Music is all about performing; so is gender. And just as we bring our expectations about tone and pop conventions to how we process music, we also bring all sorts of stereotypes about gender to how we see people. But when truly talented artists combine the two, barriers start to come crashing down.
Here are 9 brilliant musicians who challenge our assumptions with their music videos, MP3s and stage performances:
Mykki Blanco is a brilliant musician with an incredibly fluid gender performance. In this video for "Head is a Stone," Blanco's gender presentation is beautifully impossible to pin down.
Mykki spoke to Interview magazine in 2013, saying "It really wasn't until I started dressing as the opposite sex pretty regularly that I began to see my gender identity shift. … It's like a whole entire road opened up and in a lot of ways, it made my life so much better."
Blanco's fiery lyrics, forceful delivery and thundering drums are impossible to ignore. They sound like the work of a singer ready to meet destiny head-on.
It was innovative enough when Le1f, an openly gay rapper, first appeared on the Late Show with David Letterman earlier this month. It was only more powerful when he performed in a skirt and then took down the homophobic response he got from conservative rappers. He's challenging gender norms where they're already extremely dominant — mainstream hip-hop.
The same goes for his steamy "Spa Day" music video. Le1f luxuriates on a massage table wearing heels, and then appears shirtless with a baseball cap cocked on his head. All the way through, he does what great hip-hop should do — challenge our preconceptions with killer lines like:
"Now what you wanna do?
And who you wanna do it with?"
CocoRosie is the kind of band that only the strangest family history could produce. Sierra Casady was formally trained as an opera singer in New York City while her sister Bianca delved into folk rock and acoustic instruments. After reuniting in Paris, they released the beautiful La maison de mon rêve, a beautiful and strange album.
In later albums, they made pretty esoteric references to "Rainbowarriors of two spirits." It's a strange phrase, but it turns out this is a Native American idea of a third gender identity. It's important to all their music — Bianca often appears on album covers, on stage and in music videos with a penciled-in moustache or facial hair attached to her face. They may sound like twee at first listen, but they're one of the most inventive bands going.
Another sibling pair pushes our notions of gender. The Knife's brand of eerie and ecstatic indie disco is only made more mysterious with their frequent use of masks.
In "Pass This On," singer Karin Dreijer Andersson plays with her voice, too, digitally shifting its pitch from beautiful soprano highs to murky lows. The music video only deepens its brilliant gender bending by showing the performance in a football club where a bunch of skeptical men watch Andersson's hypnotic performance.
Get ready to clap your hands and swing your hair back and forth. This catchy rallying cry includes shoutouts to queers around the world, as the rapping duo vogues in parking lots, in public restrooms and on bicycles.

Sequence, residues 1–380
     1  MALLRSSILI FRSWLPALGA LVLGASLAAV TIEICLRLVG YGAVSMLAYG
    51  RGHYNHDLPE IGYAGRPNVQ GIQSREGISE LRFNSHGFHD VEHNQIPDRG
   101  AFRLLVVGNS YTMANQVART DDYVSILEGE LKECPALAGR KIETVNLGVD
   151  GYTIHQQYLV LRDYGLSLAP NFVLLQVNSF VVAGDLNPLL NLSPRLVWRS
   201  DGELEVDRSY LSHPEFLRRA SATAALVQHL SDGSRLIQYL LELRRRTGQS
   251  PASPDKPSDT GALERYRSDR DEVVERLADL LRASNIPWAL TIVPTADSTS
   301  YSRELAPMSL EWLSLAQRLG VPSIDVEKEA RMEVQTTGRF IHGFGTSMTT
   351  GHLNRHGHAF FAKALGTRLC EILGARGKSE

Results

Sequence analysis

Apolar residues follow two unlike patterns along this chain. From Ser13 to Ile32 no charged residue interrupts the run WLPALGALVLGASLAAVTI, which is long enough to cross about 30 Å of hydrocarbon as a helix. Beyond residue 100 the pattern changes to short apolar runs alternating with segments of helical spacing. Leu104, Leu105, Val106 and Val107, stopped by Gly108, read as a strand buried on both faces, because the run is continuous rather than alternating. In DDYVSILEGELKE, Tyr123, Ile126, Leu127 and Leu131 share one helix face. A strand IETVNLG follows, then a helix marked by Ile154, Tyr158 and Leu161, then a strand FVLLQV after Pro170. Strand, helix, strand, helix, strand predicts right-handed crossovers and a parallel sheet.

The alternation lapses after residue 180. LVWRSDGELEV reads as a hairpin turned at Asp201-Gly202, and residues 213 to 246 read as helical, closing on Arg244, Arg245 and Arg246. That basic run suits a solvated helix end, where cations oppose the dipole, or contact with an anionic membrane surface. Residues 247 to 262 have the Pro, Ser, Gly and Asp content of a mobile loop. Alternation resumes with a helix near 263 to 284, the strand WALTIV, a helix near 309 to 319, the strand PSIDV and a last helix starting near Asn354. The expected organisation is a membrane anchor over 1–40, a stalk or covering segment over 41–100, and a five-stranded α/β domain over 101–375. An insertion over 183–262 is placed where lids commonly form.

This music video is what I imagine San Francisco is like every single day. People standing on street corners, yelling:
"All you circuit queens working it from coast to coast!"
Schmekel, which means "penis" in Yiddish, doesn't beat around the burning bush. Just take a look at their website, transjews.com. This punk band is self-described as "Queer Jewcore from Brooklyn — 100% Transgender, 100% Jewish!"
Their campy set lists are full of gems like "FTM at the DMV" and "New Men with Old Man Names." Every song brilliantly details the struggles transmen face in daily life. And lyrics like "The synagogue is packed, but I am only binding," will have you in giggles.
When trying to figure out how to describe Patrick Wolf's music, the words "elegant" and "untamable" come to mind. Maybe that's why he named his first album Lycanthropy, a term with Greek origins that means the "transformation into a werewolf." His songs include several odes to shifting identities. In the title song's lyrics, Wolf sings,
"I was once a boy
'Til I cut my penis off,
And I grew a hairy skull
Of stubborn fire.
Then I was a girl
'Til I sewed my hole up,
And I grew a hairy heart
Of dark desire."
Also, androgynous film star Tilda Swinton collaborates with him on his album, The Bachelor. So there's that.
The O'Reilly Factor is probably more responsible for introducing people to this great artist than it'd like to admit. During the show's "Children at Risk" special (oh, the irony) Bill O'Reilly showed some clips from Marilyn Manson's "Holy Wood" music videos and tour to demonstrate their shocking and sacrilegious content. And everybody with legitimately good taste who happened to be watching the O'Reilly Factor was immediately converted.
Manson has gone through a multitude of aesthetic "eras," some of which dramatically bend gender expression. Our parents and media pundits continued to freak out during the Mechanical Animals era, which featured Manson's alien Omega persona, characterized by a blend of gender markers. He's been a consistent innovator for decades, and he's showing no signs of slowing down.
"You free your mind in your androgyny."